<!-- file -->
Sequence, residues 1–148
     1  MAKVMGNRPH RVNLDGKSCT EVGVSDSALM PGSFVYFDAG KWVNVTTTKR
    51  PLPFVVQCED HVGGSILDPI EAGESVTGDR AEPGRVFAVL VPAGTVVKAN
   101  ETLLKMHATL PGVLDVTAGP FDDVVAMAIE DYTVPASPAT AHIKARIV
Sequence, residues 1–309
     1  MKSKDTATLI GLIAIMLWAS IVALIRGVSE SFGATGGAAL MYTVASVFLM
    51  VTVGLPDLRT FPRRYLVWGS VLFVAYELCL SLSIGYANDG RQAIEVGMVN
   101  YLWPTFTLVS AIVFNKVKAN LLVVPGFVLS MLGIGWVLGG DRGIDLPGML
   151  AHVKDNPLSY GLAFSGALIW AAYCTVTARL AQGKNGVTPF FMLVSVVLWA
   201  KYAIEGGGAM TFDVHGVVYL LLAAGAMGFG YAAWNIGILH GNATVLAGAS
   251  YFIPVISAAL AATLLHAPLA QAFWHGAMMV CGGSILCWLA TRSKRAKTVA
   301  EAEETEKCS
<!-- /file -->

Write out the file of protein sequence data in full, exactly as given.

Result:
Sequence, residues 1–148
     1  MAKVMGNRPH RVNLDGKSCT EVGVSDSALM PGSFVYFDAG KWVNVTTTKR
    51  PLPFVVQCED HVGGSILDPI EAGESVTGDR AEPGRVFAVL VPAGTVVKAN
   101  ETLLKMHATL PGVLDVTAGP FDDVVAMAIE DYTVPASPAT AHIKARIV
Sequence, residues 1–309
     1  MKSKDTATLI GLIAIMLWAS IVALIRGVSE SFGATGGAAL MYTVASVFLM
    51  VTVGLPDLRT FPRRYLVWGS VLFVAYELCL SLSIGYANDG RQAIEVGMVN
   101  YLWPTFTLVS AIVFNKVKAN LLVVPGFVLS MLGIGWVLGG DRGIDLPGML
   151  AHVKDNPLSY GLAFSGALIW AAYCTVTARL AQGKNGVTPF FMLVSVVLWA
   201  KYAIEGGGAM TFDVHGVVYL LLAAGAMGFG YAAWNIGILH GNATVLAGAS
   251  YFIPVISAAL AATLLHAPLA QAFWHGAMMV CGGSILCWLA TRSKRAKTVA
   301  EAEETEKCS